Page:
Beto launches his campaign: And it's clear that white men still have unfair advantages

Beto, Bernie and Joe aren't being oppressed in 2020. In fact, they all benefit from white male privilege

By Amanda Marcotte

Senior Writer

Published March 14, 2019 1:45PM (EDT)

Beto O'Rourke (AP/Kathy Willens)
Beto O'Rourke (AP/Kathy Willens)

Cartoonist Scott Benson released a video a few years back mocking "men's rights activists" for their feelings of persecution resulting from women being slightly less unequal than they used to be. The cartoon shows a man and a woman standing under a spigot dispensing ice cream, and every scoop lands in the man's cone, who gulps it down happily. But when the woman manages to sneak in and grab a single scoop, interrupting the man's ice cream monopoly, he wails as if he's being oppressed as no person has ever been oppressed before.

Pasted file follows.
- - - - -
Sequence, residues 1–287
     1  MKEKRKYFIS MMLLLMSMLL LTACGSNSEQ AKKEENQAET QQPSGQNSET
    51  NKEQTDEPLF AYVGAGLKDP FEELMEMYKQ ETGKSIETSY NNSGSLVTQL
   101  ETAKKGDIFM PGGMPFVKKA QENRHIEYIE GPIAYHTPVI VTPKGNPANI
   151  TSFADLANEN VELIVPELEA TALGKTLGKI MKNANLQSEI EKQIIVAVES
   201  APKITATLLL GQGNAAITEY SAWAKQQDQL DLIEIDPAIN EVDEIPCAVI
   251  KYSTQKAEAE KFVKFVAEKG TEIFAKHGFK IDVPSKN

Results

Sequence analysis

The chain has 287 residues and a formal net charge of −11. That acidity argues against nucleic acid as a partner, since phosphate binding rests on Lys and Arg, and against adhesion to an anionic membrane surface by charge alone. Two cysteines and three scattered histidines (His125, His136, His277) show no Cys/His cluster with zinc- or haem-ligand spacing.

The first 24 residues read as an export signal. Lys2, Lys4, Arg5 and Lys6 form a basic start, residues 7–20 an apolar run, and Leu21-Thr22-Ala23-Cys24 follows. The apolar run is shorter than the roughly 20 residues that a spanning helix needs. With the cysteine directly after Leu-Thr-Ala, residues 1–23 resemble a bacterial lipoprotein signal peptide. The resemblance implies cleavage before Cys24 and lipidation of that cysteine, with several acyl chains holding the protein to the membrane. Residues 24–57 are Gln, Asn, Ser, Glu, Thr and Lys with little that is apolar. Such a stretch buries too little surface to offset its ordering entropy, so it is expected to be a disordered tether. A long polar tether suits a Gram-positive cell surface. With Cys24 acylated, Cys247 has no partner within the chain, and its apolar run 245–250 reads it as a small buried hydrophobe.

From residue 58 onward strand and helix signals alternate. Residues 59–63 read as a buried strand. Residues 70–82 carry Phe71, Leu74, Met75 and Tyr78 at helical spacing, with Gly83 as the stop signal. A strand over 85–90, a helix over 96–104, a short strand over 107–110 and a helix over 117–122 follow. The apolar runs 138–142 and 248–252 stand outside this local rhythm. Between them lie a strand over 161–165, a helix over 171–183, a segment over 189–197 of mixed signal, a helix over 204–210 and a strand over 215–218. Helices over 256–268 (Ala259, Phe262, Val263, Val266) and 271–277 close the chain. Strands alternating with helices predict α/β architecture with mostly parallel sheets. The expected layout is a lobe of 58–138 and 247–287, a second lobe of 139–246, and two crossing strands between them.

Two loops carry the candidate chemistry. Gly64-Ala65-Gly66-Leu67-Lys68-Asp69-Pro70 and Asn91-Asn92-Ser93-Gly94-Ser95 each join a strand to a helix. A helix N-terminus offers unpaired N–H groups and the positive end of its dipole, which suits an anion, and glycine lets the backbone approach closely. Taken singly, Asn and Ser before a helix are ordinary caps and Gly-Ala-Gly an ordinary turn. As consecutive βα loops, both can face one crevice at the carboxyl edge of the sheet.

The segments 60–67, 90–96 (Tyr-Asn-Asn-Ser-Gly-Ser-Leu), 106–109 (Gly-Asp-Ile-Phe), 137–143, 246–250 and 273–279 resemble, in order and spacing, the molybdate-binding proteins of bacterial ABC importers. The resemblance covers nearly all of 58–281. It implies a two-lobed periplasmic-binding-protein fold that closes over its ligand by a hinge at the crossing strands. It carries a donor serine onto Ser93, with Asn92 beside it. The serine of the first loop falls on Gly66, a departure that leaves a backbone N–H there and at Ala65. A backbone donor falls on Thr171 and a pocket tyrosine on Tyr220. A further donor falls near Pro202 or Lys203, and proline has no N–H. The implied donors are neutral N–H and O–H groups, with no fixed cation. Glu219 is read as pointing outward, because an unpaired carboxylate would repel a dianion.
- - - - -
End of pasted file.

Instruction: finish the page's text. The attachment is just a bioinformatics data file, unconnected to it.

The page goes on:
That 40-second animation came to mind while reading the Vanity Fair cover story by Joe Hagan profiling Beto O'Rourke, the former Democratic congressman from El Paso who came startlingly close to beating Sen. Ted Cruz in Texas last year. The article was released Wednesday night, and shortly after the 46-year-old O'Rourke made the much-awaited but unsurprising announcement that he was running for president.

According to Hagan, O'Rourke has an uphill climb, but not because of his lack of experience as a three-term congressman with a relatively slight résumé, running against a field mostly comprised of senators. But because he belongs to the allegedly marginalized class known as white men.